Last weekend Houghton returned for its second outing after shaking up the festival calendar in 2017 with its critically acclaimed debut. Curated by Craig Richards and produced by the minds behind Gottwood Festival, Houghton took over the grounds of Houghton Hall in Norfolk for four days of electronic music. Here’s what we discovered across the sold out weekend.
The music did not stop
Thanks to a unique license, Houghton hosted DJ sets non-stop from Thursday until Sunday night. Unlike many other music festivals there was no curfew and whenever you wanted to find music you could, whether that was listening to Horse Meat Disco at midday or Ricardo Villalobos as the sun came up.
The site was amazing
Houghton’s 16 stages were all centred around a lake, in open clearings and dotted throughout a forest. Venues featured a hedonistic pit called The Quarry, a 360 degree stage and sound system, a huge warehouse space and even a record store. You didn’t have to walk far to find other stages as they were all in fairly close proximity. That might throw up some concerns about sound clashes, but that was not the case and it was ideal for dipping in and out of sets until you found the vibe you were looking for.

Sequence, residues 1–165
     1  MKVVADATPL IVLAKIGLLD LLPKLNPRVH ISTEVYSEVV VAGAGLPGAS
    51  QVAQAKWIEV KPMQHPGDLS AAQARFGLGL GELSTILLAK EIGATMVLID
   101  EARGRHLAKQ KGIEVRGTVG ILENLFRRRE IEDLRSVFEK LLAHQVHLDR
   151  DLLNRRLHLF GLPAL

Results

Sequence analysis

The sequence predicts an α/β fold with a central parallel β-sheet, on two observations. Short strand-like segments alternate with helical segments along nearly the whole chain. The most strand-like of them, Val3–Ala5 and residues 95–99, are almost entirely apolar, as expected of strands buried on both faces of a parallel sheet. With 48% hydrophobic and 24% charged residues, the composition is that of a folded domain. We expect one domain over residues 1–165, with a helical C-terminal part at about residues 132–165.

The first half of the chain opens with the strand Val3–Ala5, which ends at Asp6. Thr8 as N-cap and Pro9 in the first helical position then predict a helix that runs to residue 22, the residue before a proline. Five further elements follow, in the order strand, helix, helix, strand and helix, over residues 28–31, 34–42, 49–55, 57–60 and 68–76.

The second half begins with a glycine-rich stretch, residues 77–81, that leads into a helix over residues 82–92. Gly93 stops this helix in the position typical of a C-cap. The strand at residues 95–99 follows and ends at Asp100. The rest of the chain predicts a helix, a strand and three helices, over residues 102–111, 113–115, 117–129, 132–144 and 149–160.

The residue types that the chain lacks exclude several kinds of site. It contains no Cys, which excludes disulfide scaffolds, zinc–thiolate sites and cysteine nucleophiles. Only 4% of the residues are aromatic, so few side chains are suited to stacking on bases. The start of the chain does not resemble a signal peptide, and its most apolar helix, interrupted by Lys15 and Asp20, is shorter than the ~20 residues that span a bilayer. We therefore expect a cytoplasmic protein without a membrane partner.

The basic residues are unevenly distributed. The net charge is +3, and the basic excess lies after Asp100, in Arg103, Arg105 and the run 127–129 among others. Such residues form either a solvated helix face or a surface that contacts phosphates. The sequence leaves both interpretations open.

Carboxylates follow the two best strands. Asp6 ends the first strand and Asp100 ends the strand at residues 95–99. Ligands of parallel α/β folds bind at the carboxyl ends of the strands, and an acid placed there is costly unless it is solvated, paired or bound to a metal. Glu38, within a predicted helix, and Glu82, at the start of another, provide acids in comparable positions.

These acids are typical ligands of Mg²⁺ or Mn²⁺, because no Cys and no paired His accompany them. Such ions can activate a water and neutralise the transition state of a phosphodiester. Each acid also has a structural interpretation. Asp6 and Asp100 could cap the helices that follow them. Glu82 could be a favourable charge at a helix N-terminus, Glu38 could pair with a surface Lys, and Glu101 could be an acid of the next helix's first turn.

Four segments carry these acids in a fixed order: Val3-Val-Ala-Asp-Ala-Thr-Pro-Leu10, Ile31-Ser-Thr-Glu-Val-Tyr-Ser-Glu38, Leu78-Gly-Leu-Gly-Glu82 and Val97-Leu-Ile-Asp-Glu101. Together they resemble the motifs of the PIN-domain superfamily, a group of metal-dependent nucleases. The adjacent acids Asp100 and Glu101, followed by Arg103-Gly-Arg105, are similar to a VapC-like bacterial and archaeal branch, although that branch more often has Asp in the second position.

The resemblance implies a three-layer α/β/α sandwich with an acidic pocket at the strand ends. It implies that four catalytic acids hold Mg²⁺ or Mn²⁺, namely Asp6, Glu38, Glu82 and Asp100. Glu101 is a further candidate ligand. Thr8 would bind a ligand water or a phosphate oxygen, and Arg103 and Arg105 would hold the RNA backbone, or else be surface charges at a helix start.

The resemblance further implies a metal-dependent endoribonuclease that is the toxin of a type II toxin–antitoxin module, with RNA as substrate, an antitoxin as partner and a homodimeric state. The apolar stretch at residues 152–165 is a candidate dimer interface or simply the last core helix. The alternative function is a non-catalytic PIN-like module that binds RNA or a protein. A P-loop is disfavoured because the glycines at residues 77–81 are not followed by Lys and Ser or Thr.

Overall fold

Your phone is basically useless
Except taking snaps of your mates, there wasn’t much point in taking your phone out into the festival, thanks to the lack of signal coverage on site. Not that that is a terrible thing of course as instead of seeing a sea of people glued to their handsets the focus was on experiencing the festival and forgetting about the outside world.
It wasn’t all about the music
It turns out Houghton is pretty boujee and on entering the festival this became clear quite quickly. The boutique camping areas were huge and rivalled even the standard campsite. The first bar we came across was serving up prosecco and next door you could get your fill of gourmet shellfish. There was also more than one option for fine dining across the weekend if you wanted a sit down three course meal.
Images by Here & Now